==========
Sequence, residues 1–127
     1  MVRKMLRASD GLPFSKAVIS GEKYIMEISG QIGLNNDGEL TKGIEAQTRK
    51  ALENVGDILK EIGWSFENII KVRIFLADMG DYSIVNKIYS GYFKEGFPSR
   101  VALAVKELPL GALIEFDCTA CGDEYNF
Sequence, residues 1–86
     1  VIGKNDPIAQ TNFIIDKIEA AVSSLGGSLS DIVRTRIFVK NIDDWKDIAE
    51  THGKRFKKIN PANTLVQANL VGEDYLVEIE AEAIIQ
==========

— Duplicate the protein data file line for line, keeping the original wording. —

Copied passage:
Sequence, residues 1–127
     1  MVRKMLRASD GLPFSKAVIS GEKYIMEISG QIGLNNDGEL TKGIEAQTRK
    51  ALENVGDILK EIGWSFENII KVRIFLADMG DYSIVNKIYS GYFKEGFPSR
   101  VALAVKELPL GALIEFDCTA CGDEYNF
Sequence, residues 1–86
     1  VIGKNDPIAQ TNFIIDKIEA AVSSLGGSLS DIVRTRIFVK NIDDWKDIAE
    51  THGKRFKKIN PANTLVQANL VGEDYLVEIE AEAIIQ